The DC police department had a policy of utilizing a “test 21” which measured verbal proficiency. Two African American applicants were turned down and sued on the basis that the test discriminated against African Americans and therefore hampered their chances at seeking employment. The case originated in Washington DC, which means the equal protection clause of the US did not apply, because it only applies to the states. The Plaintiffs in this case had to sue under the 5th amendment due process clause instead.
Whether a policy requiring language proficiency discriminates on the basis of race such that it violates the 5th amendment.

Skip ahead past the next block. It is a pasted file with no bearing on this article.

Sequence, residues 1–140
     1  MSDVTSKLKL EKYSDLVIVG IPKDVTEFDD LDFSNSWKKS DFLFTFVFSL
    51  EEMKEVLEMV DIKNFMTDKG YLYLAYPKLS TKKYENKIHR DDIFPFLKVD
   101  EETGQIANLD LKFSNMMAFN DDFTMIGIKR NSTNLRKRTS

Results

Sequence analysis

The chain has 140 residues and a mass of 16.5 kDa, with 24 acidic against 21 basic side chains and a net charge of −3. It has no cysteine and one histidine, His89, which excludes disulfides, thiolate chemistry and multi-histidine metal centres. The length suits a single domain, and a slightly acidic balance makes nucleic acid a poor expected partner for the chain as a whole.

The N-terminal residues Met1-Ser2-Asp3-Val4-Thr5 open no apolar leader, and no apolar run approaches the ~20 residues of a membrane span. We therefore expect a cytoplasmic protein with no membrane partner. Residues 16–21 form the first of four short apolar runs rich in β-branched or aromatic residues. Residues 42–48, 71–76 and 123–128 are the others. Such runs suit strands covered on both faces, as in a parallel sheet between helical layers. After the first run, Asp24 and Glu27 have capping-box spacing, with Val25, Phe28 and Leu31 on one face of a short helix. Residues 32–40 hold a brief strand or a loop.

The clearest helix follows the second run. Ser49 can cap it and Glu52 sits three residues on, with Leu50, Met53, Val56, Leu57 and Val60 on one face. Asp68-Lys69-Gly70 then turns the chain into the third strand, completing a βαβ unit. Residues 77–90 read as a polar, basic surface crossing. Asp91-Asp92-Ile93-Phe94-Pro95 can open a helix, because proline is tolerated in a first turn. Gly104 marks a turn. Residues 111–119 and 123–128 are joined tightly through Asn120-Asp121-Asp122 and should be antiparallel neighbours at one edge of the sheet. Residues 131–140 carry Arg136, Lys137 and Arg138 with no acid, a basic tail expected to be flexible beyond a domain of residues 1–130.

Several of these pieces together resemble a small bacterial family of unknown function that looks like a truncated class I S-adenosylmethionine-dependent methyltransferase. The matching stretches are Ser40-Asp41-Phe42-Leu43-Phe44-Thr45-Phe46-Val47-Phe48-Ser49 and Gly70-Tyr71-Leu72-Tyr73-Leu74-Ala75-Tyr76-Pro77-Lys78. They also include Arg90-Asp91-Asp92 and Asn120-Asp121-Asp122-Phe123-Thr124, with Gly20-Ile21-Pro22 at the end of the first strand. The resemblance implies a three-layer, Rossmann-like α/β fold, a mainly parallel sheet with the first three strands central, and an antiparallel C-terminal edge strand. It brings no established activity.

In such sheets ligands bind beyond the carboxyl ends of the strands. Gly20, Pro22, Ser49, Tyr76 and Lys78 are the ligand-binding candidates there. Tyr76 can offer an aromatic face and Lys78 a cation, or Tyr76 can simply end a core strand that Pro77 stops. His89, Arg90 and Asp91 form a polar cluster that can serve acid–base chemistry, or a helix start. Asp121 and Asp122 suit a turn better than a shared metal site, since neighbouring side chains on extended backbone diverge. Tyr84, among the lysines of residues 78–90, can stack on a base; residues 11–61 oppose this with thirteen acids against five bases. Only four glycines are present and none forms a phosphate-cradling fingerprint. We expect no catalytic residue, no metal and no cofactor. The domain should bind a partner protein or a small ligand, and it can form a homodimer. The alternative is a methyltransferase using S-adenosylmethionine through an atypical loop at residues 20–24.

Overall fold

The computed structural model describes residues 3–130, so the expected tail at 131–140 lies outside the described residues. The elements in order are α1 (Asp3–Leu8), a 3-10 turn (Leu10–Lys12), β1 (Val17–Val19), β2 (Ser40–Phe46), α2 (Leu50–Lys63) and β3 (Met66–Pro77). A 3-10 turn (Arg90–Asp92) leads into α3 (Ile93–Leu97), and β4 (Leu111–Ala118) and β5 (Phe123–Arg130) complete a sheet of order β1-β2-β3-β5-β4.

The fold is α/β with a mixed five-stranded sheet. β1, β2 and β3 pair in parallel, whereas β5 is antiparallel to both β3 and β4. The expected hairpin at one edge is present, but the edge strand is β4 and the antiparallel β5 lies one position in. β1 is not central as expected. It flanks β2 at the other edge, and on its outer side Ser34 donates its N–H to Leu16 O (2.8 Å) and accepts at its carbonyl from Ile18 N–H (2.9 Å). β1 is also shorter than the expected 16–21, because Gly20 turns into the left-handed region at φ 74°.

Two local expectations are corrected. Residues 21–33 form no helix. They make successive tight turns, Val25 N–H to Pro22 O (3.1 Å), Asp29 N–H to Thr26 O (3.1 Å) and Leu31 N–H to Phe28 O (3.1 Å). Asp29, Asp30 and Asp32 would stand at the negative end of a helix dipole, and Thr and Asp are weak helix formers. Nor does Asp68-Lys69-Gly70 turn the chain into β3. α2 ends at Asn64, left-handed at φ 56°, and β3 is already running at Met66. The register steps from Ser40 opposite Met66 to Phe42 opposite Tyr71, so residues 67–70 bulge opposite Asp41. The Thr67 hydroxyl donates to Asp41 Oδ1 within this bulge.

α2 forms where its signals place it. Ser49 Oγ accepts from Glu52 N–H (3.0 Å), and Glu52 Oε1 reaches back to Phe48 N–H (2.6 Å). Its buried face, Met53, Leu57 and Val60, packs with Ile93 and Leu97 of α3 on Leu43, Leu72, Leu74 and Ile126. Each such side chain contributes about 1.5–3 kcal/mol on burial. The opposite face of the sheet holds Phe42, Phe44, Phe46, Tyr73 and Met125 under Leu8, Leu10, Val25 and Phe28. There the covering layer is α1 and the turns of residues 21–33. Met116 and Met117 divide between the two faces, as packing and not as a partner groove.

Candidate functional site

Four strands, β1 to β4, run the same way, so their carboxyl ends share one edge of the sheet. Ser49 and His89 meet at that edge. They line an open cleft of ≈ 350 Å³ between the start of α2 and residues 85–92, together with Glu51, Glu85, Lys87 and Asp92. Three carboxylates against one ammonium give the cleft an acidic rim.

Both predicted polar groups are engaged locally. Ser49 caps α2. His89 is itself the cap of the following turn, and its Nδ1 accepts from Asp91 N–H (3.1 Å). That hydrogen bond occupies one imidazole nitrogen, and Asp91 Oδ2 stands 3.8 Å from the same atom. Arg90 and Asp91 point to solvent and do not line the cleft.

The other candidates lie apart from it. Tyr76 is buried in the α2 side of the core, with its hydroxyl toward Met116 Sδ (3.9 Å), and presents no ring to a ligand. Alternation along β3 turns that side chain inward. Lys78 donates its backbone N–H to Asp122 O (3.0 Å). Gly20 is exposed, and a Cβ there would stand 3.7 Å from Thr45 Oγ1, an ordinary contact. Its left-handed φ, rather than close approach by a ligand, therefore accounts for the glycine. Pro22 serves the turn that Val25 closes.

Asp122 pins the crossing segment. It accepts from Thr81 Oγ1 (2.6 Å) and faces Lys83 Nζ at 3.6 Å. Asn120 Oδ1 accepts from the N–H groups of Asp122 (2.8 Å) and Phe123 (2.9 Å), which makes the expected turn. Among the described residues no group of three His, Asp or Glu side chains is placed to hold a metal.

No, the policy is constitutional and upheld; DC court of appeals decision reversed. The court argued that the impact or outcome of the test may disproportionately disadvantage African Americans, but it did not violate due process because it lacked a discriminatory purpose. They wrote that the court of appeals incorrectly applied “strict scrutiny” to the due process clause. They held that to violate the due process more than discriminatory effect must be shown; discriminatory purpose needs to be proven. The court examined the police force’s purpose for the test and found no discriminatory purpose, also citing numerous hiring policies by the force that explicitly favored the hiring of African Americans.